Entry selection into the Royal Navy as an Officer.

A

angrydoc

Guest
Slim - you are right. Officers are no better than Ratings, and no-one could argue otherwise. Different people, different expectations, different jobs.

Merge training - still don't see where you're going with this one. I can't see how you'd fill 6 months - apart from sport I don't see how you could spend the time.

Presumably you're also against the current ethos of tribal messing, where all the MEs are in one mess, the WEs in another, etc - not terribly good for the team spirit, is it?
 

slim

War Hero
angrydoc said:
Slim - you are right. Officers are no better than Ratings, and no-one could argue otherwise. Different people, different expectations, different jobs.

Merge training - still don't see where you're going with this one. I can't see how you'd fill 6 months - apart from sport I don't see how you could spend the time.

Presumably you're also against the current ethos of tribal messing, where all the MEs are in one mess, the WEs in another, etc - not terribly good for the team spirit, is it?
Not so sure about tribal messing. Ark Royal in the 70s still had department messdecks for junior rates but senior rates of all trades were interspersed in the various messdecks.. This was the result of an enquiry after a near miss accident. It was thought that had the accident happened there could have been a dearth of senior rates in one particular branch. As an ex wafoo who up until then had been used to squadron messdecks I was not too impressed. However two years later I understood that the benefits of the system and certainly had no wish to return to the old system.

As for your statement of if it aint broken don't fix it.
Have you read the thread on HMS Sheffield.
I served during the Falklands campaign and many mistakes were made by officers which led to the sinking of several ships. Unless the system has been fixed since then it is most certainly well and truly broken.
 

F169

War Hero
Slim, and the link between the Falklands war and your idea is?

Ships would have been saved then and mistakes avoided then if the first six months of initial training had been all of one company? My mate was exoceted in Glamorgan - I must ask him if living together would have avoided that then............perhaps the last 1SL might be able to say it would have saved his Type 21?
 

silverfox

War Hero
Moderator
Book Reviewer
Slim

To go back to your original thread - merging traing for 6 months would be expensive but mainly unnecessary - there is sufficient nastiness and scrutiny in IOT to weed out those unsuitable - having spent time recently on the staff I can vouch for that! Part I training at Raleigh is only 8 weeks long - spin that out to 6 months would be a waste of time for everybody.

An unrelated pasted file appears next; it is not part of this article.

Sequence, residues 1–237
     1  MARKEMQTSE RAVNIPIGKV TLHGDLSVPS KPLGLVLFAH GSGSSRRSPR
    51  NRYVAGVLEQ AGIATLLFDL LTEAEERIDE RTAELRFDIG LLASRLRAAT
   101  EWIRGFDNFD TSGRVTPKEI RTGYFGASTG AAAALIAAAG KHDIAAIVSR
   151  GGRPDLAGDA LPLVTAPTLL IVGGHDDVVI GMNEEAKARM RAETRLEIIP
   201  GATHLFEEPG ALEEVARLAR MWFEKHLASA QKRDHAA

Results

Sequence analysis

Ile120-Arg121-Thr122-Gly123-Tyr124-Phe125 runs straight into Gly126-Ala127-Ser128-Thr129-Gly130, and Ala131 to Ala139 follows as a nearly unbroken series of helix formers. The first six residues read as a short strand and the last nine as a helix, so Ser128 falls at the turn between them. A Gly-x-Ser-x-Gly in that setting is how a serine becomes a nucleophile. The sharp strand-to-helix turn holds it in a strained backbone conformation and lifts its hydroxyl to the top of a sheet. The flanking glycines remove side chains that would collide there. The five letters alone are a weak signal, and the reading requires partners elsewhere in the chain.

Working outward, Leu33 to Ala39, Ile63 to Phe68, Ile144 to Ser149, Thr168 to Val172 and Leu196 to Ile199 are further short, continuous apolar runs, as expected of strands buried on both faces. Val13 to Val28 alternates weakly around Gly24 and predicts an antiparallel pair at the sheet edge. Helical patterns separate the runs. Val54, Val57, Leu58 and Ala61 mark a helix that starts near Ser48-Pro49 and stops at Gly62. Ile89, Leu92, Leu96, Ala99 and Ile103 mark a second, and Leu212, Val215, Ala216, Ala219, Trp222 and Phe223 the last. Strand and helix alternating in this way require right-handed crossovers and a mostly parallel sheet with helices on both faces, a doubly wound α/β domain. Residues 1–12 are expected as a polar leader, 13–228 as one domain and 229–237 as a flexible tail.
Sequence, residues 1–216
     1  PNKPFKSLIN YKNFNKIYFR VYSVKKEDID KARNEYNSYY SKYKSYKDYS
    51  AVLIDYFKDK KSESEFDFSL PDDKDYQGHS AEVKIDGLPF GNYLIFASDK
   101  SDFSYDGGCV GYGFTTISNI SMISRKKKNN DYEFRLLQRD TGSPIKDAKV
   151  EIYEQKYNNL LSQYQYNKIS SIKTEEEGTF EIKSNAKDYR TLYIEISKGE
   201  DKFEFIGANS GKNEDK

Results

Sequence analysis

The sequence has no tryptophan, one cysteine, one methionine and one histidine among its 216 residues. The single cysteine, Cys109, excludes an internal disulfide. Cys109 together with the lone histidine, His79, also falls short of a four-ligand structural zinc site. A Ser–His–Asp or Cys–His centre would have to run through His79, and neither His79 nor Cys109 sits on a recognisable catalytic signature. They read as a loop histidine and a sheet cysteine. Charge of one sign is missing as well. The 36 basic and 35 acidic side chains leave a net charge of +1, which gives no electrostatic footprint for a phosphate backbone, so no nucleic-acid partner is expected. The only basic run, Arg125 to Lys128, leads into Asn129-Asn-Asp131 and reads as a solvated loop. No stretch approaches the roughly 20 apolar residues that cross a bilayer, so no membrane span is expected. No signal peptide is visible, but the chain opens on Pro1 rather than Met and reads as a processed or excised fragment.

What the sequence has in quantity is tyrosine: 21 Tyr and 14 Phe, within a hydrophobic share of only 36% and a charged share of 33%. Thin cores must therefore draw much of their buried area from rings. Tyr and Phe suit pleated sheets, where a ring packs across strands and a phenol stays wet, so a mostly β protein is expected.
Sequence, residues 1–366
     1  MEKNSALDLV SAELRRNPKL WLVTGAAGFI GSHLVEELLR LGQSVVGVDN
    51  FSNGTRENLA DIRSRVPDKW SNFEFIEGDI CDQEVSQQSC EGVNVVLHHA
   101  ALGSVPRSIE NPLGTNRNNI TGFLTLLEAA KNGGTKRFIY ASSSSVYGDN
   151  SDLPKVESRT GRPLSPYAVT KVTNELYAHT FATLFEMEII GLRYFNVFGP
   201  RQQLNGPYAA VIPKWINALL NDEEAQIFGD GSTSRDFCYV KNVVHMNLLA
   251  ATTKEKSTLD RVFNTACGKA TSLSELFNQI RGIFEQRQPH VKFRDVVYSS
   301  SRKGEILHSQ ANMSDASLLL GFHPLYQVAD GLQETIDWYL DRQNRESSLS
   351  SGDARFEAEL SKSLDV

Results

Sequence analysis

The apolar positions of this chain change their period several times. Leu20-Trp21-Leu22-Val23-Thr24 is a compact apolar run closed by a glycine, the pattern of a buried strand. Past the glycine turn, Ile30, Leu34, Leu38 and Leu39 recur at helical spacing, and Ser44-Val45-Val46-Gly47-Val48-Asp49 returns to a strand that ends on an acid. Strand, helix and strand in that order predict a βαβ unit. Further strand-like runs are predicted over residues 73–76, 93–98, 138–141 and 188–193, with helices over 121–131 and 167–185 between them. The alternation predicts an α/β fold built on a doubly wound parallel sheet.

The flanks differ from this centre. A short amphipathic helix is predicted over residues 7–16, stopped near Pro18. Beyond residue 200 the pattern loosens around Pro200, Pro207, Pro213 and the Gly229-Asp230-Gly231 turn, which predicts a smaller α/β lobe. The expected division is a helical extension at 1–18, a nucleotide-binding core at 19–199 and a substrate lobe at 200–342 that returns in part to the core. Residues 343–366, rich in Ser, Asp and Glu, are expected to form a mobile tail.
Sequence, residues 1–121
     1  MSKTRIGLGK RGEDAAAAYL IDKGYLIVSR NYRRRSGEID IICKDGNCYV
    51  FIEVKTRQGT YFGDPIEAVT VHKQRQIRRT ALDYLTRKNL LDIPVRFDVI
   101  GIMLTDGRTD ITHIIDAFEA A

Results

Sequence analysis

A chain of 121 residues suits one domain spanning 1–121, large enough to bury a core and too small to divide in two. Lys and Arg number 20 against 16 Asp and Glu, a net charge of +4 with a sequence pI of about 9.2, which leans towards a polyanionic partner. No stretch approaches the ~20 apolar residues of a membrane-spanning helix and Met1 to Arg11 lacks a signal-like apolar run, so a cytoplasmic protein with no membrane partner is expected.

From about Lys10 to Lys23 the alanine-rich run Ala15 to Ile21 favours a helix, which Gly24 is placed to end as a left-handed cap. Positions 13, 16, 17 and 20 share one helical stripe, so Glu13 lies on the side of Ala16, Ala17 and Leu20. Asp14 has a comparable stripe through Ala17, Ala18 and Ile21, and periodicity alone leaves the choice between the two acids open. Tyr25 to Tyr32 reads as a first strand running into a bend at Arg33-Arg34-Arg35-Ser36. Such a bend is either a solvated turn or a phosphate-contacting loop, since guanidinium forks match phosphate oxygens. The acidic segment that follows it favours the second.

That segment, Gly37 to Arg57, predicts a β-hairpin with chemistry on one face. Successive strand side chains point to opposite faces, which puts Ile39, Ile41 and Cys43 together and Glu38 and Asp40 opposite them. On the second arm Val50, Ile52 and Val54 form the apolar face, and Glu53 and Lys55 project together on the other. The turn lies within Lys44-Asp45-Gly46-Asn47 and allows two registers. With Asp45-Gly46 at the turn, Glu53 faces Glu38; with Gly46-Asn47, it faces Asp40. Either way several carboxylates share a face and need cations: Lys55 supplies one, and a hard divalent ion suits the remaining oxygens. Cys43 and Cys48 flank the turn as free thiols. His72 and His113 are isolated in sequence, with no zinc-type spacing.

As far as the Sheffield - mistakes were made, but that was the result of being faced with a totally new environment ie air launched sea skimming anti ship missiles for which the doctrine was very new and uncertain - the RN was totally focussed on ASW in the gaps at the time. We always learn lessons the hard way - Prince of Wales and Renown vs Japanese carrier air group ring any bells??
 

slim

War Hero
Living together would not & could not have saved any of the ships lost in the Falklands conflict.
However perhaps if a different method of officer selection had been in use we may have had officers willing to put their hands up and admit to their mistakes. I served in Manchester ships flight on first commission we had two junior rates, one from Sheffield the other from Coventry they certainly had some stories to tell, including the well reported one about a boat full of officers refusing to take ratings because this is an officers boat!
here were many mistakes made and very few officers admitting to making these mistakes.
Unless the system for officer selection has changed since then it is not only broken but broken beyond repair.
 

F169

War Hero
Ah, so its not the first six months you are really interested in but "the system for officer selection". You really are living in a timewarp, Slim and you come across as very bitter, I hope it isnt because you failed the AIB. I do not believe anything anyone says will change your mind on this subject.

By the way, boats? Didnt the shiny SHEFF manage to get most people off in other ways? Wasn't COVENTRY's Ship's Company in liferafts?